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A primer on Treasury Dept’s new tax inversion rules




One of the deals new treasury rules that were sparked by the Panama Papers might jeopardize is the proposed merger between US big pharma Pfizer and the Ireland-based Allergan.
One of the deals new treasury rules that were sparked by the Panama Papers might jeopardize is the proposed merger between US big pharma Pfizer and the Ireland-based Allergan.
Spencer Platt/Getty Images

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The Panama Papers leak have laid bare the secretive practice used by the wealthy to hide their money through the use of offshore tax havens.

Hours after that story broke, the US Treasury Department has come out with tough new rules to discourage stateside companies from engaging in another tax avoidance tactic: corporate inversions. An inversion takes place when a US company buys a smaller, foreign entity and moves its headquarters overseas to lower their US taxes.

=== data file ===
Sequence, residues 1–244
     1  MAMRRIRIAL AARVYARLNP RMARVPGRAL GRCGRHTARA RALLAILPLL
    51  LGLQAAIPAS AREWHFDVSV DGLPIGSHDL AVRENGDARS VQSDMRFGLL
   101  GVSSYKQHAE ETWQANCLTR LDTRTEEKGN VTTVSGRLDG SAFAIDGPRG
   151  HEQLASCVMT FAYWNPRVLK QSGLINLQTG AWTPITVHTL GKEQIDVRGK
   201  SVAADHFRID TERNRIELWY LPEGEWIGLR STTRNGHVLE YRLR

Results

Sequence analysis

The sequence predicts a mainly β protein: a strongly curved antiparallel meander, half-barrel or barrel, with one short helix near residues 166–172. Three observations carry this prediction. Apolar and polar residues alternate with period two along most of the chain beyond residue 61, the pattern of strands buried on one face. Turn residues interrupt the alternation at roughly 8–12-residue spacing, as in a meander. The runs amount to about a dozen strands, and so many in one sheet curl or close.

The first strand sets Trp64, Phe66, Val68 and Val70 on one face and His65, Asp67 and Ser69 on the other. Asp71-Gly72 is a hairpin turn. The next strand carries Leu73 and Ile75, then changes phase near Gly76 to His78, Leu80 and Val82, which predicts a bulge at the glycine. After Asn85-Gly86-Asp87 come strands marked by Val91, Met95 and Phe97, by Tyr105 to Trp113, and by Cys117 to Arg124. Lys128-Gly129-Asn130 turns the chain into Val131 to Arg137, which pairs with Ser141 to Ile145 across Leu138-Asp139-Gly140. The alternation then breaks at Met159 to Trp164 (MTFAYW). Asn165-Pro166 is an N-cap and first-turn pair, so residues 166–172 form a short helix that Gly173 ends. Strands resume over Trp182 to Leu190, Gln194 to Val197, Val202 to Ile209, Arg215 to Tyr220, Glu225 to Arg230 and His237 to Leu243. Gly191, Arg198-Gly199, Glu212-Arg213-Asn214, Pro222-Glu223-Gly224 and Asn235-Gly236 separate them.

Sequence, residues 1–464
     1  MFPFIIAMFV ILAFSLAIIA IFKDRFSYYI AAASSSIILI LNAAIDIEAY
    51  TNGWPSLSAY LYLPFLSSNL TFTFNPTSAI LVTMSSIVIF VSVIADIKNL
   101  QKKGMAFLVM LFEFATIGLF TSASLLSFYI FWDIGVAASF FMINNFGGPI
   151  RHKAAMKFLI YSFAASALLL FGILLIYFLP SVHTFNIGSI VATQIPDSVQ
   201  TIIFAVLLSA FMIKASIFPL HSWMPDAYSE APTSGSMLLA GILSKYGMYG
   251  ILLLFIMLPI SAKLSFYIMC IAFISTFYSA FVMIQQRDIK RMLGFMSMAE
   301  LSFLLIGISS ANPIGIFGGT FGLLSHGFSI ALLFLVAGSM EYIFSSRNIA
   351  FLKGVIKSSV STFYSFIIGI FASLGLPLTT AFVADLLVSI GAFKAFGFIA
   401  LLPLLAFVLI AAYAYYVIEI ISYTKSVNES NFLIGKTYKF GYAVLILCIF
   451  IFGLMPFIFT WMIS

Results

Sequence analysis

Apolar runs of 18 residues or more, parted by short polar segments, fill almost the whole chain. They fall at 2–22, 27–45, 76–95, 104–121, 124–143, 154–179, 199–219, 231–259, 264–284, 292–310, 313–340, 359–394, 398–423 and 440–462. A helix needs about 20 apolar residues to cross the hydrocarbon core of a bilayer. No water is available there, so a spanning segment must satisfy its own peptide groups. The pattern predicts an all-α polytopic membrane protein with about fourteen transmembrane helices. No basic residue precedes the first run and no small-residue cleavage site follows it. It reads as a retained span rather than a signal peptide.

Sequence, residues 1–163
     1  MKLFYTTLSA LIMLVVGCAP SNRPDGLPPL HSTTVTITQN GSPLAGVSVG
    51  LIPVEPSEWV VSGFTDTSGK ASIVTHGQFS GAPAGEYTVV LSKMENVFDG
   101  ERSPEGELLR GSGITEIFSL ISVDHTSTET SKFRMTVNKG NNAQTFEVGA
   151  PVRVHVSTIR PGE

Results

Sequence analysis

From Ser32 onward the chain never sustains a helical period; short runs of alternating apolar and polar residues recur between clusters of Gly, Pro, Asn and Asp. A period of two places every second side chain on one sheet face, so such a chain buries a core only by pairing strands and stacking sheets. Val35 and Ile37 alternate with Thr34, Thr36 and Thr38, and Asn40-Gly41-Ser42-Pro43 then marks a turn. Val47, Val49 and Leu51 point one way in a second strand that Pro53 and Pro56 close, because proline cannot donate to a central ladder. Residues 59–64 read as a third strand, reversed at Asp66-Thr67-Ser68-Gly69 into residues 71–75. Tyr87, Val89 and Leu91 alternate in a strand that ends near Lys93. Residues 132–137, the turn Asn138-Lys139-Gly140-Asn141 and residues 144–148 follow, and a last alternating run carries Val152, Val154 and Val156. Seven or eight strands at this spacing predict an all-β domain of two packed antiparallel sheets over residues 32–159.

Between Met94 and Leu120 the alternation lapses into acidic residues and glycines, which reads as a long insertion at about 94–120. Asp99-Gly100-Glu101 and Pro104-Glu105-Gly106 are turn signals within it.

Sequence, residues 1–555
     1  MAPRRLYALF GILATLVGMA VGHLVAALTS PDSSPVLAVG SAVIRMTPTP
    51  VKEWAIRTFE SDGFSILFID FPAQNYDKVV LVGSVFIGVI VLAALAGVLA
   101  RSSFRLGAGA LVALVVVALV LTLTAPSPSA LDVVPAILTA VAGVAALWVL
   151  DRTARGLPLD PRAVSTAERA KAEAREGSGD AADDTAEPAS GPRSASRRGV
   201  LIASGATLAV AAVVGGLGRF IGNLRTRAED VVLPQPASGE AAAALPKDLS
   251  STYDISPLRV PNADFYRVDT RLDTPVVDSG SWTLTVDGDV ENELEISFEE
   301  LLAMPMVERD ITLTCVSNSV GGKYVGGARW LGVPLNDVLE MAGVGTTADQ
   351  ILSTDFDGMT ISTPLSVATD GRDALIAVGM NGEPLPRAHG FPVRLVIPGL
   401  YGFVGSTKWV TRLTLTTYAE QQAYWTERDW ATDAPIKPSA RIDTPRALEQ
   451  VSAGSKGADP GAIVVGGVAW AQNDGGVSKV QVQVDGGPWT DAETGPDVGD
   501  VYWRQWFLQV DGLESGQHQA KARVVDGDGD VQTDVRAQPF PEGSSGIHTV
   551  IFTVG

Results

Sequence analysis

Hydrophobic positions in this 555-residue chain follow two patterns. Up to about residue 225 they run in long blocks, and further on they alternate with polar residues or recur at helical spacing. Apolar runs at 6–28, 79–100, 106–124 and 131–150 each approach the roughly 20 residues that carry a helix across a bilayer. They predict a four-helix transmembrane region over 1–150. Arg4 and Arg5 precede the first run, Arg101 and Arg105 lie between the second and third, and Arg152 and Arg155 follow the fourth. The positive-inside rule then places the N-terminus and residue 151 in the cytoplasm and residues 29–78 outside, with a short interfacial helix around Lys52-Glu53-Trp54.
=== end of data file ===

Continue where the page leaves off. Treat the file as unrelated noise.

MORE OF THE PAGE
Though controversial, the practice is technically legal. One of the deals these new rules might jeopardize is the proposed merger between US big pharma Pfizer and the Ireland-based Allergan.

What are the new Treasury rules? What impact would they have on corporate inversions?

Guests:

Edward Kleinbard, a professor of law and business at USC, who focuses on domestic and international tax issues. He is also former Chief of Staff of the US Congress’s nonpartisan Joint Committee on Taxation

Kevin G. Hall, chief economics correspondent for the McClatchy Newspapers. He has co-written a piece looking at a few of the American names that have shown up in the so-called Panama Papers